Economists Enrico Moretti and Gordon B. Dahl examined the difference in marital rates based on whether a first-born child is a son or daughter.
Moretti states that “yes, parents who have first born girls are significantly more likely to get divorced, and parents who have first born sons are significantly more likely to stay together.”
Their findings include the following:
- Couples who conceive a child out of wedlock and find out it will be a boy are more likely to marry before the birth of their baby
- Parents who have girls first, are significantly more likely to be divorced
- Fathers are significantly less likely to be living with their children if they have daughters versus sons
- In any given year, roughly 52,000 first born daughters younger than 12 years (and all their siblings) would have had a resident father if they had been boys
- Divorced fathers are much more likely to obtain custody of sons compared to daughters
In a 2011 Gallup poll, parents revealed a preference to have sons over daughters. 40% preferred sons and 28% preferred daughters, (the rest stated no preference). “Son preference” isn’t new, but this data could imply the following possibilities to explain why:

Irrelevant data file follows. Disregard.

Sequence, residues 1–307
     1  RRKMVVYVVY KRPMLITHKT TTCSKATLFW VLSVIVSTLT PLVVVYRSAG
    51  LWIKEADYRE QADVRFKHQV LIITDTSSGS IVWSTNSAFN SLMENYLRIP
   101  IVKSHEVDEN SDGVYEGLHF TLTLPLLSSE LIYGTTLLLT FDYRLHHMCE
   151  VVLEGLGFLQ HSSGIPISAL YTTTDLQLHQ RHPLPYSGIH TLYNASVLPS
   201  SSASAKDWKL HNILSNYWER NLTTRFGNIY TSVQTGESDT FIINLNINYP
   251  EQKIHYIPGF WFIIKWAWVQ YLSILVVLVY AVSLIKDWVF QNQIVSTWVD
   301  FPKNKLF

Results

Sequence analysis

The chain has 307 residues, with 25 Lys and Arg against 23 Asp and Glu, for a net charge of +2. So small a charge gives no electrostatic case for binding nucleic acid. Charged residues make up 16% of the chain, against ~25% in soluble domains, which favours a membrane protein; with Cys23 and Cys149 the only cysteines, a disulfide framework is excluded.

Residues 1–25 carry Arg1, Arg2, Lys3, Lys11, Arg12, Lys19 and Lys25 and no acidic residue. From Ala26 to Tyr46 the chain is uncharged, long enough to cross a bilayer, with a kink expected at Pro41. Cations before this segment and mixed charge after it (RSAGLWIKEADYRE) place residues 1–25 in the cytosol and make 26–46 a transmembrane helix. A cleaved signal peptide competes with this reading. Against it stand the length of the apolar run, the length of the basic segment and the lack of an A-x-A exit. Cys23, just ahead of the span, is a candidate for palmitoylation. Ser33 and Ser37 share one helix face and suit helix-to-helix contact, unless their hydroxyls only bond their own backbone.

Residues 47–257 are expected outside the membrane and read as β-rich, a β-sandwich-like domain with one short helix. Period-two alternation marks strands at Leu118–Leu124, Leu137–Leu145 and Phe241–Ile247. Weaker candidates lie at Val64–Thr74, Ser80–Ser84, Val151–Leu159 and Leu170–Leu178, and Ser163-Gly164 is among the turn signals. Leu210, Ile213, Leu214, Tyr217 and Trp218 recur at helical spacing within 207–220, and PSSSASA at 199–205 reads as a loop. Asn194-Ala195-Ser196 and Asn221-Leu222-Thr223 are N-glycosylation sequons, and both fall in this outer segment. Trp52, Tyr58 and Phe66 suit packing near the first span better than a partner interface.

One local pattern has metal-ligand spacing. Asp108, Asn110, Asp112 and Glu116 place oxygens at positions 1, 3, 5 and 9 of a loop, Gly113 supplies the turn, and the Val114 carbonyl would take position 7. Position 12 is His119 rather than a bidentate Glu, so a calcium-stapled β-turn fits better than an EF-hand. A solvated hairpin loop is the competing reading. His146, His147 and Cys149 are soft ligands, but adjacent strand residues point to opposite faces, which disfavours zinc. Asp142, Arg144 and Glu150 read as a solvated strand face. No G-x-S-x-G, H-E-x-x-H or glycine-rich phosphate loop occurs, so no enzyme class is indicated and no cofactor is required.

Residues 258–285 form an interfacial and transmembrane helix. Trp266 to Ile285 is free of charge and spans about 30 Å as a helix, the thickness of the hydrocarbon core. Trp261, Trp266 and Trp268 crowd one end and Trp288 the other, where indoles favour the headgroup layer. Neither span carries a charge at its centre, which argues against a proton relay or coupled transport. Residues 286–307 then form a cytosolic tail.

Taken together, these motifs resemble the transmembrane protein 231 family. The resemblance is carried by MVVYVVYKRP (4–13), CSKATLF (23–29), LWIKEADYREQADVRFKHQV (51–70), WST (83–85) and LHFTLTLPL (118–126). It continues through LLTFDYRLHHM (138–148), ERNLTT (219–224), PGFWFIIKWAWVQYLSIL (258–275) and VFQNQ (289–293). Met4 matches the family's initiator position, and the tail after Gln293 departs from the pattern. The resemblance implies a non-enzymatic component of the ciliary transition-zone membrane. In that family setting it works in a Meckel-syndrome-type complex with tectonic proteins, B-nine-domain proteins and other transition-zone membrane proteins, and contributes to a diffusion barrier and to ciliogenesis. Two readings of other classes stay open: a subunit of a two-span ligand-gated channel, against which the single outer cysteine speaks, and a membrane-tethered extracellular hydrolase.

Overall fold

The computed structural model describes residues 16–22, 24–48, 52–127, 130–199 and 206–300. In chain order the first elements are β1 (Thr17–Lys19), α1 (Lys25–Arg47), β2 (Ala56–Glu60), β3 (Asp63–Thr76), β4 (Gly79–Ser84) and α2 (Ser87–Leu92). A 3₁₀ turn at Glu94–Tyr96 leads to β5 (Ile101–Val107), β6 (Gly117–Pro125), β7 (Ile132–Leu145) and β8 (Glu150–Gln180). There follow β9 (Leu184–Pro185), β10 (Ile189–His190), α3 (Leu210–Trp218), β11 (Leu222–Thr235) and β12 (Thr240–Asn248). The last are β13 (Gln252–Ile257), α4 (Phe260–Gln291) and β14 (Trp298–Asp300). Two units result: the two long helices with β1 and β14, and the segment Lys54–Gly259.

- Parents have a gender bias
- Fathers believe that their involvement in raising a son is important
- No gender preference, but girls are more costly to raise than boys
Although this information is only slightly significant, it raises broader questions about an economic impact. Moretti states “For children and families with absentee fathers due to a first-born daughter, family income is reduced by about 50% and poverty rates are increased by about 30%.”
Timothy Durkin, JacksonWhite’s family law attorney is ready to talk to you about your divorce or child custody case. Call our office today.
Source: The Demand of Sons